Jaeger is a distributed tracing platform developed by Uber Technologies and donated to CNCF. This platform can be used for monitoring microservices-based systems. It can be used for tasks such as transaction monitoring, service dependency analysis, root cause analysis, distributed context propagation, and performance or latency optimization.

This platform is inspired by Dapper and OpenZipkin. It offers features such as Jaeger backend that have no single points of failure and scale according to business needs. For example, any Jaeger installation usually processes several billions of spans every single day. It supports strongly typed span tags and structured logs and generally distributed context propagation mechanism via baggage. In addition, it represents traces as Directed Acyclic Graphs (DAG) via span references. The Web UI, Jaeger backend, and instrumentation libraries have been created from scratch to support the OpenTracing standard.

Jaeger can be installed by default as part of Red Hat OpenShift Service Mesh that includes an implementation of Istio. It includes various components (Client, Agent, Collector, Query, and Console) that work together to store, collect, visualize spans and traces.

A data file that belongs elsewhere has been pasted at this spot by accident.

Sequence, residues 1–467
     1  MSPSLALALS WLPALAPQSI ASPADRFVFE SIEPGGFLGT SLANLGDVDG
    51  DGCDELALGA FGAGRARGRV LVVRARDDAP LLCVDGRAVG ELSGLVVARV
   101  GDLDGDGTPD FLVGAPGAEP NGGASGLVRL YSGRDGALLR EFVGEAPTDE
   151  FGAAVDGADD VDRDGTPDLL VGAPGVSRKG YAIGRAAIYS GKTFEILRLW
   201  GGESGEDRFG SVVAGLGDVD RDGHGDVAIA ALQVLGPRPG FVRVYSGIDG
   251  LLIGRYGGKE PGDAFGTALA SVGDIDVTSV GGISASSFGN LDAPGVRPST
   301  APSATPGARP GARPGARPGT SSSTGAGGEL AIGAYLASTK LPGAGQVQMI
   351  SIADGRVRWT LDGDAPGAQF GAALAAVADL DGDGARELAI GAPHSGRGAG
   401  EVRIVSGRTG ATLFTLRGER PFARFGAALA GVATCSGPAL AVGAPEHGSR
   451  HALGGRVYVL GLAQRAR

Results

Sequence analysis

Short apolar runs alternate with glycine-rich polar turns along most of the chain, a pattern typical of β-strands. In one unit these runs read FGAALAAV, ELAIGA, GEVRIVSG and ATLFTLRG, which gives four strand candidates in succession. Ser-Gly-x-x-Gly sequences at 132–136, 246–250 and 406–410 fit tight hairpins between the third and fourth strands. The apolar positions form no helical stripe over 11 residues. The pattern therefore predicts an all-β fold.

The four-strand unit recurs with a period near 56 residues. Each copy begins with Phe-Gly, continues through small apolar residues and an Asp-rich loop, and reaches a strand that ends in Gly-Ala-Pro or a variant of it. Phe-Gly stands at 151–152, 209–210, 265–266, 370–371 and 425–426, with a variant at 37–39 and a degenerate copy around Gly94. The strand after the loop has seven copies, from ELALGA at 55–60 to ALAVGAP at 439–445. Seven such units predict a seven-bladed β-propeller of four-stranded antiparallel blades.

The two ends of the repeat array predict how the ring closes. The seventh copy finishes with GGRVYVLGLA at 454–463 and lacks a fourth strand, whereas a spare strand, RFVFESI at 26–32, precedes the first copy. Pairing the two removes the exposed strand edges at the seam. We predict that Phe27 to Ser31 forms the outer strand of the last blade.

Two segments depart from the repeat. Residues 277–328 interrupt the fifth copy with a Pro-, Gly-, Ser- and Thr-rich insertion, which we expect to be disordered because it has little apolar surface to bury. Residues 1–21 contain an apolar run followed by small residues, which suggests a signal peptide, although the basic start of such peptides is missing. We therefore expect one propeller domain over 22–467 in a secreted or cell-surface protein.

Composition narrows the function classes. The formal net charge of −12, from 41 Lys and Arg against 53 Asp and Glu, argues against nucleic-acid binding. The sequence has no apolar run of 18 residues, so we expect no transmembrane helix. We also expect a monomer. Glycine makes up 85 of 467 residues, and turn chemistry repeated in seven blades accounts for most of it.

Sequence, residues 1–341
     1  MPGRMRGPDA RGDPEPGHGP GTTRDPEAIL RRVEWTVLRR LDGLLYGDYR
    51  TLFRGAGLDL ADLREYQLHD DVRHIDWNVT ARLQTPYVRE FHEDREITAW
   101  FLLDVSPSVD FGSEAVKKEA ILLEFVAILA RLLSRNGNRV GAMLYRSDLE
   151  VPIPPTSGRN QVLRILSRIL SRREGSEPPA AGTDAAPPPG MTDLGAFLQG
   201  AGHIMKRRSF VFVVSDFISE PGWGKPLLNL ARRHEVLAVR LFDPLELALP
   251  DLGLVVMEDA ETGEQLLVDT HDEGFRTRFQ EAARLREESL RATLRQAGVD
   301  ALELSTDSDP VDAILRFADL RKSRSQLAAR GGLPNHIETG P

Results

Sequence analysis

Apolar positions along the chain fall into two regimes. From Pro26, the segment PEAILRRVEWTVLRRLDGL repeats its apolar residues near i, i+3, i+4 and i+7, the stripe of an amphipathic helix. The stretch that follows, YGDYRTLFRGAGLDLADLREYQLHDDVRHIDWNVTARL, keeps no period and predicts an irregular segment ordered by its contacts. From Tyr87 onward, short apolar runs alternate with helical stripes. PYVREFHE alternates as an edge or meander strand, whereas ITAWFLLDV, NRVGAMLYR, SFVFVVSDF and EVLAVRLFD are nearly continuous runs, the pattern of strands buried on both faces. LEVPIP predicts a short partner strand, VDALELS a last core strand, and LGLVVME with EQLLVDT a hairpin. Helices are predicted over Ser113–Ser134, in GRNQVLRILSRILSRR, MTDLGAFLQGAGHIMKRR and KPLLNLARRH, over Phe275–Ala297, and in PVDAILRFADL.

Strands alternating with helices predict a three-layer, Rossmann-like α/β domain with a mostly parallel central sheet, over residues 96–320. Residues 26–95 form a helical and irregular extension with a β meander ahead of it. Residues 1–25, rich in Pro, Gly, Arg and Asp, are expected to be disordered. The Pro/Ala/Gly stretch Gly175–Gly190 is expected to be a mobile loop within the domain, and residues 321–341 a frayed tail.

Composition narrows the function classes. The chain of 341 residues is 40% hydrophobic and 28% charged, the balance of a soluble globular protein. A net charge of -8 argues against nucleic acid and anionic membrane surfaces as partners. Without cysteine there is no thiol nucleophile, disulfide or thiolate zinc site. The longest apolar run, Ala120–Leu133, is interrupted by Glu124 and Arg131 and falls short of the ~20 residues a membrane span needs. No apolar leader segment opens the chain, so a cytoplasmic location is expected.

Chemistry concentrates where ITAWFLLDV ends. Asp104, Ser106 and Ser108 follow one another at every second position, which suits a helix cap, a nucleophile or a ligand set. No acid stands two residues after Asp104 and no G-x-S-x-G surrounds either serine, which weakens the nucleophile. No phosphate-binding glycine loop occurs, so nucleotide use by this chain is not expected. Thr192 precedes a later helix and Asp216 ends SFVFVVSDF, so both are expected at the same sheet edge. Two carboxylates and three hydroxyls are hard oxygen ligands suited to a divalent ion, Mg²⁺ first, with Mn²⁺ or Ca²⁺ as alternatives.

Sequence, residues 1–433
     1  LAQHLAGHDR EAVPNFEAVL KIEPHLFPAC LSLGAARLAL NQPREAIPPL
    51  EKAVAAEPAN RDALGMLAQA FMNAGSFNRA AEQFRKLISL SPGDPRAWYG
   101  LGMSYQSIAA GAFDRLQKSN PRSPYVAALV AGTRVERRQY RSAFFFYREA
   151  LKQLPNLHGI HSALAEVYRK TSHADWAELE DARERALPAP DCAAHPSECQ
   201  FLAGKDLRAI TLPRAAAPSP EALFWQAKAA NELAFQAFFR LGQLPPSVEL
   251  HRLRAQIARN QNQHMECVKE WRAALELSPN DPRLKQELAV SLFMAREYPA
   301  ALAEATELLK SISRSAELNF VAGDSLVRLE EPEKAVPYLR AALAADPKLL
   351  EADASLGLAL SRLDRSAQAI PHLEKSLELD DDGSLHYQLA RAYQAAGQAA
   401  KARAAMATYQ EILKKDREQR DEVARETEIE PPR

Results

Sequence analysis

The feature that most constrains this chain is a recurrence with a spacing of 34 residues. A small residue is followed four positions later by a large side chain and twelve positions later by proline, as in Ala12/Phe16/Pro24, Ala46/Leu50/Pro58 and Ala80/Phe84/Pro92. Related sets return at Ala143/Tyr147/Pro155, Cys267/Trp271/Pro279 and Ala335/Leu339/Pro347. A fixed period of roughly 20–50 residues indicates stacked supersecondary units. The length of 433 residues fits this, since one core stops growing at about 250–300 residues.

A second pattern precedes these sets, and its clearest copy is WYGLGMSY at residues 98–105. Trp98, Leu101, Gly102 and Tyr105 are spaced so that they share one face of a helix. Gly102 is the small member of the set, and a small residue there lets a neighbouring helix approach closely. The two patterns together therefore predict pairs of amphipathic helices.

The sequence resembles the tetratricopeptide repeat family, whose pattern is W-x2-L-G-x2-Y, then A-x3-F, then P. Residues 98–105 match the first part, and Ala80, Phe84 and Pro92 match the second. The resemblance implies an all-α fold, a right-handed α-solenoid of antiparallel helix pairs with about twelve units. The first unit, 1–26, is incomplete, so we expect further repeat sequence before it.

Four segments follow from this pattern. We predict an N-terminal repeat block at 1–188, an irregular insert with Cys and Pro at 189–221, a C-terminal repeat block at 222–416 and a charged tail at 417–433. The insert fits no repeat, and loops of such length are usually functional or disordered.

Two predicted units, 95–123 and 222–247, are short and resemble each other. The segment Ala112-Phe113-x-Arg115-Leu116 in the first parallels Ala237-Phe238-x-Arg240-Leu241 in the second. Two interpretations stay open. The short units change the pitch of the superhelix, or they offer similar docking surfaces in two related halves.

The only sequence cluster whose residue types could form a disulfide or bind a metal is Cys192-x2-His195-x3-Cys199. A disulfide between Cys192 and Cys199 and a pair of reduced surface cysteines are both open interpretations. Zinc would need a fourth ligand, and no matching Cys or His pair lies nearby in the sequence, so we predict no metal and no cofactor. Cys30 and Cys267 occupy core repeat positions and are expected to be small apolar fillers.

open-source networking

5. Flannel

Flannel is an overlay network that can be used to connect containers across various hosts. It can be used to configure layer 3 network fabric created for Kubernetes. It runs a small, single binary agent (called flanneld) on every host. It uses Kubernetes API or etcd directly for storing network configuration.

This tool is a basic overlay network that works well with the assigned subnet address range. In simple terms, an overlay network is built on top of another network. While flannel was mainly created for Kubernetes, it is a simple overlay network that can be used as a basic alternative to existing software-defined networking solutions. To be more specific, this networking tool gives every host an IP subnet from which the Docker daemon can allocate IPs to the individual containers. Each address is linked to a container so that all containers in a system may exist on various hosts.